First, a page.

Food Safety Magazine

Signature Series | May 2014

Traceability is Key in Food Safety: Europe Leads the Way

By Colin Thurston

Traceability is Key in Food Safety: Europe Leads the Way

For more than a decade, European authorities and producers have been held to higher standards for food quality than any other region worldwide, and the results have matched the regulation: Europe has one of the lowest levels of food contamination in the world.

What makes Europe’s success so remarkable is how complex the system is: Despite strict regulations enforced to protect more than 500 million people, compliance takes place without interfering with the independence of the EU’s 27 sovereign nations. Such a structure would be impossible without a massive technology infrastructure and investment in state-of-the-art data management technologies, including laboratory information management systems (LIMS), which are widely used by industry and governments to structure laboratory sampling, analysis and reporting tasks, and integrate food quality data across vast enterprise systems.

What Makes Europe Different?
Europe hasn’t always been the world standard for food safety. Several food crises, including outbreaks of mad cow disease (formally known as bovine spongiform encephalopathy or BSE), Salmonella and botulism, led to the establishment of the European Food Safety Authority (EFSA) in 2002. The organization’s mission is straightforward, but ambitious: “to deliver independent, high-quality and timely scientific advice on risks in the food chain from farm to fork in an integrated manner and to communicate on those risks in an open manner to all interested parties and the public at large.”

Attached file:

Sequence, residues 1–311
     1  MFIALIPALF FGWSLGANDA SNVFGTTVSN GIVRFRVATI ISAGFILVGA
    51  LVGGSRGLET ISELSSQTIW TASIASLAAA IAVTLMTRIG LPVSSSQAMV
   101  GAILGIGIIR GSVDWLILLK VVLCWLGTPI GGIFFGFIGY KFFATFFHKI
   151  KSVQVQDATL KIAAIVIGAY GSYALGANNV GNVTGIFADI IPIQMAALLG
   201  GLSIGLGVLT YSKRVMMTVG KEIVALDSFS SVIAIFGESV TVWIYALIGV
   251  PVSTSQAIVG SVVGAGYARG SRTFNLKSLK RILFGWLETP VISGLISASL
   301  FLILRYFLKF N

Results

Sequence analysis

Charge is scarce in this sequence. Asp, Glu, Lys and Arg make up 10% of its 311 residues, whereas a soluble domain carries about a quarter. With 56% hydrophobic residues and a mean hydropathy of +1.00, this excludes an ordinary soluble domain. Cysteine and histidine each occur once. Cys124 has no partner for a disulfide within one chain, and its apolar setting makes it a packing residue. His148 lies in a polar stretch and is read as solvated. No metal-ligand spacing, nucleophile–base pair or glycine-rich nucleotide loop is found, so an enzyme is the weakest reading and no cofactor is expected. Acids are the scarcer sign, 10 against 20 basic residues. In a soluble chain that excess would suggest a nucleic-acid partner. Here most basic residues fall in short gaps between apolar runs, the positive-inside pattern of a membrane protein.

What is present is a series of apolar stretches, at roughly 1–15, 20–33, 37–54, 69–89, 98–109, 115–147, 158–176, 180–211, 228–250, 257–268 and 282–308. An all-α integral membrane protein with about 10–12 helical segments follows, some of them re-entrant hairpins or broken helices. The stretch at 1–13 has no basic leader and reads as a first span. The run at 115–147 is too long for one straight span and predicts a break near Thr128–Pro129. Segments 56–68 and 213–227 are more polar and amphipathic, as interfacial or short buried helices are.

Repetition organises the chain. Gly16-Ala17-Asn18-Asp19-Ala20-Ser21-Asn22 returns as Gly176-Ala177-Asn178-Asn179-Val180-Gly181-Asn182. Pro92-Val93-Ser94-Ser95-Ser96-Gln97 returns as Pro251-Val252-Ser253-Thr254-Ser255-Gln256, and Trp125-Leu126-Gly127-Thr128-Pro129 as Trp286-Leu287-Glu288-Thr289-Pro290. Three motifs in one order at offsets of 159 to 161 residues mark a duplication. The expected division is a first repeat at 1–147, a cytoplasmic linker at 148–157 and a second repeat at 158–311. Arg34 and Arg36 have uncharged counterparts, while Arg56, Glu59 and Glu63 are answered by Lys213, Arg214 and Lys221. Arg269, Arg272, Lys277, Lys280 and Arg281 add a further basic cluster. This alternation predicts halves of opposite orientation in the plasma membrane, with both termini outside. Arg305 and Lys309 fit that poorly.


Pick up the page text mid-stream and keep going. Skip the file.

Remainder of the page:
If achieving this goal wasn’t challenging enough, EFSA must do all this while respecting the sovereignty of the EU’s member states. The dramatic rise in international trade over the last 20 years, coupled with increasingly complex supply chains in food manufacturing, means that new rules must be all-encompassing without being stifling. While Europe needed stricter regulations in 2002, EFSA had to promulgate them in concert with the food safety authorities of individual nations within the EU.

The same law that established EFSA – Regulation EC/178/2002 – laid the groundwork for implementation guidelines, principles and procedures. For example, any food produced in Europe or imported is now subject to some of the strictest traceability requirements in the world. The regulation requires that manufacturers and distributers have “the ability to trace and follow food, feed, and ingredients through all stages of production, processing and distribution.”